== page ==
[00:30:26] GM: Sure. I think that time is a tricky thing because we always say time heals all wounds, but it really doesn’t. It’s what we do with the time that matters. It’s how are we using tools or what are we using in the time to connect with other people. Connection in and of itself is one of the deepest healing tools there is; safe, genuine, loving connection.
I would say this. If you’re somebody who is ruminating over the loss, if you’re somebody who just can’t accept that the loss has happened, if you are somebody who’s really struggling with the acceptance that this person is gone and/or feel some sense of responsibility, if you are also isolating yourself, like I said earlier, and you don’t want to see people more and more and more, if your daily functioning seems to be lessening day by day, I think these are the times that reaching out for help will be the most vital for you because, otherwise, grief is this full-body experience that will change our lives and throw us off course and throw us off center.
That’s not always something that needs therapy, and it’s not always something that needs a support group, although I always encourage it if you want to, of course. That would be – I can’t be a therapist and not encourage therapy.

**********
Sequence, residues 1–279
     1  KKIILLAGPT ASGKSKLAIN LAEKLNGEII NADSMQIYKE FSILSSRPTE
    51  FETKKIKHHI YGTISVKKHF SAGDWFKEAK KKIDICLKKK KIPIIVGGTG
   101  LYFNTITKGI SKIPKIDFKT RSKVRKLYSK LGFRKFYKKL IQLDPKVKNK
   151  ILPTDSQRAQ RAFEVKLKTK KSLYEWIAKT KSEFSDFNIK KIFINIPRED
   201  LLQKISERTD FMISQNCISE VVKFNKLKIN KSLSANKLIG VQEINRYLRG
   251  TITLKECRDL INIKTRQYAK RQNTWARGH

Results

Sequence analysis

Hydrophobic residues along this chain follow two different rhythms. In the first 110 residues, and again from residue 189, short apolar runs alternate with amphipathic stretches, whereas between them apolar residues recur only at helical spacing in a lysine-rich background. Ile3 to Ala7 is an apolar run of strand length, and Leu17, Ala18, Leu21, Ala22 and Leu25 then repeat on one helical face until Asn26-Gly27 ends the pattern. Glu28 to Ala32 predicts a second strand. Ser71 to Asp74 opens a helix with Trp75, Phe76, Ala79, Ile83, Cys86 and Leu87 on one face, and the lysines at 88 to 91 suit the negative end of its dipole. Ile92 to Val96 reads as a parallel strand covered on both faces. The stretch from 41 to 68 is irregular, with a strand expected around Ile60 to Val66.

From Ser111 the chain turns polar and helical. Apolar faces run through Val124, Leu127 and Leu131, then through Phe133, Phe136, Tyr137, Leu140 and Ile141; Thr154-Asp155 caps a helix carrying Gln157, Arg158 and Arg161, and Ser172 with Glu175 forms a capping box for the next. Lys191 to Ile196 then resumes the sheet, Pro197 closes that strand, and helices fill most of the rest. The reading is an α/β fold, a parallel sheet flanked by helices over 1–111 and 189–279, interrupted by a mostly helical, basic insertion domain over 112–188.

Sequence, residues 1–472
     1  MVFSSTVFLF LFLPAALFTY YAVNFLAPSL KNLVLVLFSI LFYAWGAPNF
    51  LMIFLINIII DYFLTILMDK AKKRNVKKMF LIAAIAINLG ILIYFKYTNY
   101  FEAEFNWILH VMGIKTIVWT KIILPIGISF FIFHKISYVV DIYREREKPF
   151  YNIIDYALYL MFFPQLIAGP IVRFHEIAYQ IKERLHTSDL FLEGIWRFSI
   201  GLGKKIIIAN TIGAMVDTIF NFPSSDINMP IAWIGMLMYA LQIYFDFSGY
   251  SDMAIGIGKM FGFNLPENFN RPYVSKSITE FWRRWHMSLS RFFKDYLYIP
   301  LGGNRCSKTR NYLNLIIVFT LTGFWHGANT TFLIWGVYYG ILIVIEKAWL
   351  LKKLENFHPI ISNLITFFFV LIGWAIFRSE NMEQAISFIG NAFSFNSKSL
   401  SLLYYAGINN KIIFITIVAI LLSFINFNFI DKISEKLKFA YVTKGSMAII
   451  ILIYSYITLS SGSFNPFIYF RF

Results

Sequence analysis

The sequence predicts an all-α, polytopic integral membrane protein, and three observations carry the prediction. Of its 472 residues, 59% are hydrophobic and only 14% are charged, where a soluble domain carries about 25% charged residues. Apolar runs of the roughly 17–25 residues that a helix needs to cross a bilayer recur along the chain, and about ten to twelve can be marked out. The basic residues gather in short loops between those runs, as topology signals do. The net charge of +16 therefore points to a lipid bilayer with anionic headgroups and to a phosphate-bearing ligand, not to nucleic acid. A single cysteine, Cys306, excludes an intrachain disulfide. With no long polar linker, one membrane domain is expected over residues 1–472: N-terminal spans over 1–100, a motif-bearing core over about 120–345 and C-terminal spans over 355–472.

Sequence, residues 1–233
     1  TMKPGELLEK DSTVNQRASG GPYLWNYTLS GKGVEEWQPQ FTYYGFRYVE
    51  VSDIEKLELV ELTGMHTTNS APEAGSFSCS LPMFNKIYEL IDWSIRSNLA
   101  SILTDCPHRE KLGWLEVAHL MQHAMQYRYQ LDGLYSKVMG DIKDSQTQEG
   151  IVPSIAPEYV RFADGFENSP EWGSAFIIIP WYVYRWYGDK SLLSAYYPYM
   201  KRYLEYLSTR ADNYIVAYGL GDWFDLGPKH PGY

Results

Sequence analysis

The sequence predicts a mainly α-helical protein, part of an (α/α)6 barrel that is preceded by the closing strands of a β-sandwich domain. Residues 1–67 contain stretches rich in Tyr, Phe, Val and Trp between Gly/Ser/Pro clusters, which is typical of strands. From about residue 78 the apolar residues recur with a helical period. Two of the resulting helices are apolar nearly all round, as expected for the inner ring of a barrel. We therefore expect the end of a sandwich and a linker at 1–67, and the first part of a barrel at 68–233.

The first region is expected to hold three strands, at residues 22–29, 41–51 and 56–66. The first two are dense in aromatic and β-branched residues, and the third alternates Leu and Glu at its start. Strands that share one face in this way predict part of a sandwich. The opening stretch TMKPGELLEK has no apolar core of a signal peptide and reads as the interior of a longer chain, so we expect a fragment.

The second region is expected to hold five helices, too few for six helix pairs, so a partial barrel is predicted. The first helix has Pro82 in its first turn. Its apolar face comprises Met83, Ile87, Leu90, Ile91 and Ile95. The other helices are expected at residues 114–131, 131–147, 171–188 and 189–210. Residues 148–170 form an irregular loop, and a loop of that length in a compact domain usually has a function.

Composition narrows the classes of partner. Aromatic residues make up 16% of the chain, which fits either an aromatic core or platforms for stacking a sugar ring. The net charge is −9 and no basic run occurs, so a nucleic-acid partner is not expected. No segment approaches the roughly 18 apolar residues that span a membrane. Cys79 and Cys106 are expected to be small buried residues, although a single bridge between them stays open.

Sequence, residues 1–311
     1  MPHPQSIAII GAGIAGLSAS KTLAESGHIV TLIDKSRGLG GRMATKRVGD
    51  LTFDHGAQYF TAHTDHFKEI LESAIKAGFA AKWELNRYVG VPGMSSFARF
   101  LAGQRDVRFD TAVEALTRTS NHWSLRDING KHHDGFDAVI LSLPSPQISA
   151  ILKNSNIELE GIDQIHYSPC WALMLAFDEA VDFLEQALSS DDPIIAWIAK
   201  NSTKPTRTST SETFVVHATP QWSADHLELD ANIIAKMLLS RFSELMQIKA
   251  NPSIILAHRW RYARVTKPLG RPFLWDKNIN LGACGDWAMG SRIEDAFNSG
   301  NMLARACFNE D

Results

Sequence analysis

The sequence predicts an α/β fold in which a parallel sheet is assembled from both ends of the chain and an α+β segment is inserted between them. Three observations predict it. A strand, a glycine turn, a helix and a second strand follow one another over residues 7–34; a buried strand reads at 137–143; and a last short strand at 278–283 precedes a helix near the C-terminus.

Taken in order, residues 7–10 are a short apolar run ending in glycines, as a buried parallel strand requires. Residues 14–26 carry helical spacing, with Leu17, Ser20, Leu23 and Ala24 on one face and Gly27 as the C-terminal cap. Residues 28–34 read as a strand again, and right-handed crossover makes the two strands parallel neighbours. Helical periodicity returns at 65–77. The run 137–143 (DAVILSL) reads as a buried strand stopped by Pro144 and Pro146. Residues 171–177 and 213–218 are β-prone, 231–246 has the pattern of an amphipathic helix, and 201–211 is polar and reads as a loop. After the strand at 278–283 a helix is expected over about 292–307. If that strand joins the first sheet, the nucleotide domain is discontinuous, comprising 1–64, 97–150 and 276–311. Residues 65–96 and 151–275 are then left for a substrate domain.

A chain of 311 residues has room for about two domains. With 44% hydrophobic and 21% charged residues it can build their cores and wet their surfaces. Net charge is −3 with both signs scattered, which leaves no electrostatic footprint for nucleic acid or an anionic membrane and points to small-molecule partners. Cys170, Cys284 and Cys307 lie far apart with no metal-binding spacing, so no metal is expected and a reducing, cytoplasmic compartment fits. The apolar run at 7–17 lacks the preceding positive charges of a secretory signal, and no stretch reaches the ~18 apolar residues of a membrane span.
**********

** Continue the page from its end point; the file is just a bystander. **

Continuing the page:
[00:31:45] PF: Exactly. No, you’re fine. Get back out there.
[00:31:48] GM: Exactly. For some people, therapy is not it, right? For me, it’s what does therapy provide. A sense of safe connection and validation. That’s for people going through sort of what I’ll call a normal grief experience, where they aren’t ruminating or isolating or feeling responsible or stuck in the throes of trauma. If you are experiencing any of those things, it is really incredibly important to reach out to a therapist or a professional, someone you trust or someone who specializes in grief specifically.
[00:32:23] PF: Yes. I do think that’s an important distinction to make because I will never bash therapists. But I will say not all of them were equally skilled.
[00:32:33] GM: Oh, for sure.
[00:32:35] PF: I have sought help in dealing with certain losses, and the people were not skilled at dealing with loss. That was not their bag. So you really do. If you’re seeking help for grief and loss, you do need to make sure that the person you consult has expertise in that area.
[00:32:53] GM: Absolutely. I always bring it back to the doctor metaphor in that same way, which is you’re not going to go to a podiatrist for a heart problem. Because of what I said earlier, people were not receiving specialized grief training and education in graduate school. You have to seek that out yourself. So it is important that if you don’t already have a therapist that you feel safe with that you do, you make sure that you do whatever research you can or have someone else do it for you.